What questions cause you to lose precious sleep? By creating a deeply supportive space of guided self-inquiry, I intuitively connect clients to their own wellspring of original insight.
Anyone can offer advice on the questions that keep us stuck, but I have personally found that someone else's advice is nowhere near as transformative or compelling as my own original insight into pivotal questions. Maybe you have found that too? Advice often leads to more questions, whereas original insight leads to more answers.
Because I wanted to be of highest service to my clients, I decided early on to take a different approach. Rather than giving advice, my expertise is actually helping people discover their own answers through coaching conversations. Because I've become an expert in flawlessly answering my own questions, I can help others do the same.
In other words, to earn a great living as a life coach, you must be a great life coach. Great life coaching is less about giving advice and more about supporting people in the discovery of their own answers. Great life coaches can easily thrive in this economy.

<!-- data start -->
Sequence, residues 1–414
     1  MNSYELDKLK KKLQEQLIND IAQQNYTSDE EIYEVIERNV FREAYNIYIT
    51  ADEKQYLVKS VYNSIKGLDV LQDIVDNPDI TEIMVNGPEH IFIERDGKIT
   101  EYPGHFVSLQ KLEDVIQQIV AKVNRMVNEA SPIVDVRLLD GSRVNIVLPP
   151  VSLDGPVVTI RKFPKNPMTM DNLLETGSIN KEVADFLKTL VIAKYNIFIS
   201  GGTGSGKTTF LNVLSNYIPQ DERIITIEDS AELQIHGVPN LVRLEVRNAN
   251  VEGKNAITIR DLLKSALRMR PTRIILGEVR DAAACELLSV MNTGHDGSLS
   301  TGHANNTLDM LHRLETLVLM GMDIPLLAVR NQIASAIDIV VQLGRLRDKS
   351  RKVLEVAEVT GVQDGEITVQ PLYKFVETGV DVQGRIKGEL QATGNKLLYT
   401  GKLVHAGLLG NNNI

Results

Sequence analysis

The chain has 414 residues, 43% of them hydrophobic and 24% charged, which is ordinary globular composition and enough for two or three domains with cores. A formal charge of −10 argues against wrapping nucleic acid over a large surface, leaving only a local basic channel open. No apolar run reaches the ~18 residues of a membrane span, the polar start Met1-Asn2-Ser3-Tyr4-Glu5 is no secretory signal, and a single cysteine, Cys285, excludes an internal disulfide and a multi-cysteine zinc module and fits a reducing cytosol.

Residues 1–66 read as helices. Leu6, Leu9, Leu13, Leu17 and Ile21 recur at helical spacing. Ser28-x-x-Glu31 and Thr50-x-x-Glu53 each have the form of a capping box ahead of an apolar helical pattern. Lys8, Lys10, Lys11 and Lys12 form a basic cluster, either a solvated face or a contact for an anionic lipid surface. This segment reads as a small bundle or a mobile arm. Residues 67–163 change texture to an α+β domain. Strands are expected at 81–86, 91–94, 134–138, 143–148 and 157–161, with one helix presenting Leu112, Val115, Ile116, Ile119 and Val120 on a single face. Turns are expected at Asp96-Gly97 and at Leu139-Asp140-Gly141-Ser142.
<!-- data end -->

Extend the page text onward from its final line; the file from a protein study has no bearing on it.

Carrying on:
To become a great life coach in the shortest amount of time, you must be willing to invest in yourself. Hiring a great coach of your own is a great place to start. A great coach will help you clarify your values, strengths and resources, identify goals that align with those assets, and then take steps towards reaching your goals in the shortest time possible. If that's of any genuine interest to you, I would welcome a call with you. All the best on your journey!
I wrote a little $10 ebook on "How to be in your day job until your business takes off". It speaks from the perspective that you currently have a day job to cover your expenses until your business takes off. If that is your situation, shoot me an email and I'll happily send you a free copy!
If you'd genuinely value a clear, steady space to think out loud, eliminate overwhelm, and gain clarity regarding the many options you are faced with, I do hope you will consider giving me a call.